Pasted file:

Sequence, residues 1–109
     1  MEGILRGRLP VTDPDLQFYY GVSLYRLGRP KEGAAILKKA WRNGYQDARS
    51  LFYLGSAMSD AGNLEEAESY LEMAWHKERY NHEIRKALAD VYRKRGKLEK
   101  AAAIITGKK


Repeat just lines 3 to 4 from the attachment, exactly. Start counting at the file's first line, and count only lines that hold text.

    51  LFYLGSAMSD AGNLEEAESY LEMAWHKERY NHEIRKALAD VYRKRGKLEK
   101  AAAIITGKK